MF 1st Drive: MINI Clubman Cooper S

The MINI Clubman is not the MINI reinvented. It’s not Americanized, supersized, or dumbed in any way. Instead what we have in the Clubman is the largest, most spacious MINI possible that still looks and performs like a MINI.

Yes the Clubman has more rear legroom and cargo space. 3.1 inches of extra legroom and 6.3 inches of extra storage space in the boot. That, along with various space saving nooks and crannies give the Clubman decidedly more versatility than the hardtop R56 MINI. But MINI was serious about creating something special inside the Clubman as well. The rear interior of the car (from the B-pillar forward it’s identical to the R56) was designed by the same interior designer who created the current interiors for Rolls Royce. While the quality of components may not be the same (no surprises there) the attention to detail and craftsmanship is obvious.

But there’s something else that is also evident in the design of the Clubman (or R55 as it’s internally referred to by BMW). It’s almost hard to put your finger on. The car has character (for lack of a better term) that seems to create an endearing connection the moment you open those rear doors. From the scale of the barn-doors to the finger action it takes to open them, there’s something uniquely MINI that’s hard to quantify about this car. Something that is truly different yet practical. It seems as if every unique feature of the car is almost unexpected and in turn creates special first experience.

The rear (or business end if you will) of the Clubman does have a few surprises for the uninitiated. For starters the cargo floor at first appears quite high. What MINI has done is raise the height of the floor to allow for a completely flat cargo bay when the rear seats are folded down. And under the floor is a surprising amount of extra storage. But the reveals don’t stop there. If you have a Clubman Cooper S (and in turn no spare), you can lift up the hidden compartment floor to reveal even more storage space. In fact this space is big enough to potentially fit a space-saver spare if you relocate the tool kit. One downside, the rear cargo cover is a little fussy to operate. It would appear that it’s as much production tolerances as it is the design however.

The club door on the right side of the car was also a pleasant surprise. While it’s surely going to help with getting people in and out of the car, I would guess that it would be used for accessing cargo as much if not more often. A notion backed up by MINI’s original plans for the door. And that being the case, I’m almost jealous of the UK owners who have the door on the driver side.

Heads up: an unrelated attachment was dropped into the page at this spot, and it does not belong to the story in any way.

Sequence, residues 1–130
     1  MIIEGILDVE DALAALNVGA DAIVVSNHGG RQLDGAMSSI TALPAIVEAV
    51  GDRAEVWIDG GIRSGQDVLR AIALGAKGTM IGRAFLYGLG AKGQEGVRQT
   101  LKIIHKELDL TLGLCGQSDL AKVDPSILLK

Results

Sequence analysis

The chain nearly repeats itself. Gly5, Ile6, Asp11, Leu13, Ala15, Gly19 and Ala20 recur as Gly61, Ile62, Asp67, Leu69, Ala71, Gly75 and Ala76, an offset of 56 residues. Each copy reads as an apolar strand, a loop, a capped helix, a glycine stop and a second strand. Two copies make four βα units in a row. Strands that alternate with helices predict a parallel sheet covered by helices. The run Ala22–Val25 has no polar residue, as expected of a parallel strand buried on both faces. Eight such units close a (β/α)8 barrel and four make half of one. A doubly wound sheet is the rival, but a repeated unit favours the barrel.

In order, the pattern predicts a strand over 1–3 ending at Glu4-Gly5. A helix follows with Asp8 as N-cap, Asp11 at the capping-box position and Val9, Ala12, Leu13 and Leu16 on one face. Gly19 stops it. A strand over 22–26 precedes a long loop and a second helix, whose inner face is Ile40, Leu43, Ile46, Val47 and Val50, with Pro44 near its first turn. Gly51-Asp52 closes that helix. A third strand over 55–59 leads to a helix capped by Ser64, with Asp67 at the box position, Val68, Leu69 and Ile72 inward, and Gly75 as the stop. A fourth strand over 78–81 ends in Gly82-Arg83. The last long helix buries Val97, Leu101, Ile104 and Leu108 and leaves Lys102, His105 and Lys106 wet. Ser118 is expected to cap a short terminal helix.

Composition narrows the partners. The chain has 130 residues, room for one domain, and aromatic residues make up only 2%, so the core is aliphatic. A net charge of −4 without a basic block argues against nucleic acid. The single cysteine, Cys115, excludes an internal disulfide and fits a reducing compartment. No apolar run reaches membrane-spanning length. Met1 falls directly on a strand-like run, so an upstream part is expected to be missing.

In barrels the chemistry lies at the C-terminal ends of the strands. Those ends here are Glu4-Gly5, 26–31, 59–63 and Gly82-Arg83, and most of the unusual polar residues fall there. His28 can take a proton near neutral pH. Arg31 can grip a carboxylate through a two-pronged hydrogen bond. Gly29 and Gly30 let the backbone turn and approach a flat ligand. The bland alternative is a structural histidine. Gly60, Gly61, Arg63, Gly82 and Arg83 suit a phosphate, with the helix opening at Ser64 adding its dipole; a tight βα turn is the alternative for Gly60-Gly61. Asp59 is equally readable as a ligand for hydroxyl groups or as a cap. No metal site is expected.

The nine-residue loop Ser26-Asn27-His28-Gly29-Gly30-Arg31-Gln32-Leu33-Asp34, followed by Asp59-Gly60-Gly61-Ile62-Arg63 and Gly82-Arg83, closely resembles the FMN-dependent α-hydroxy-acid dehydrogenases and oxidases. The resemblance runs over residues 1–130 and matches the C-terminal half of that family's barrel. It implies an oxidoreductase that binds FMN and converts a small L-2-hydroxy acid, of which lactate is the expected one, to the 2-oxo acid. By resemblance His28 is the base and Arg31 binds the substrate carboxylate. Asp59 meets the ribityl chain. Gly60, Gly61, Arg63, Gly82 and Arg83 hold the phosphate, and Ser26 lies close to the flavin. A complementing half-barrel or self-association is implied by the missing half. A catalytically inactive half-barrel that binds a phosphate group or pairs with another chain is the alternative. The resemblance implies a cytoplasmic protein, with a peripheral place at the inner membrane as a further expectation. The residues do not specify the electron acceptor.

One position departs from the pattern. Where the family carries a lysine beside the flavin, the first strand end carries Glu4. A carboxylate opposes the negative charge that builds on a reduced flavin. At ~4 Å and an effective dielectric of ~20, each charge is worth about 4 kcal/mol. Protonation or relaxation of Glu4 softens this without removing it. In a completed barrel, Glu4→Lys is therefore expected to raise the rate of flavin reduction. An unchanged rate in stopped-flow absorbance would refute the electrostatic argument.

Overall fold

Operation of the door is second nature once you learn where the door pull is. Surprisingly I never had any issue with the seat belt getting tangled in my feet upon entry or exit as it’s pulled well out of the way once the door slides open. The Clubman also seems to be quite a bit more rigid than other cars with similar features. The RX8 comes to mind as one example where you slam the door and the entire side of the car seems to reverberate. While you do get a little of that with the Clubman, it’s dramatically lessened by the body’s reinforcements and already great torsional rigidity of the MINI chassis.

The Clubman is also endowed with all the things that make the current MINI coupe such a great car to live with. The perfect seating position and excellent visibility is here despite barn door pillar (something I zoneed out within minutes). And the rear seats are quite comfortable once you’ve made your way back there. The long lower cushion sucks you and offers surprisingly comfortable accommodations. However if you have to be in the back of the R55 for long periods of time I’d suggest the left seat. It has a bit more elbow room (the club-door encroaches on the right site) and an gorgeous panoramic view out the left side rear window.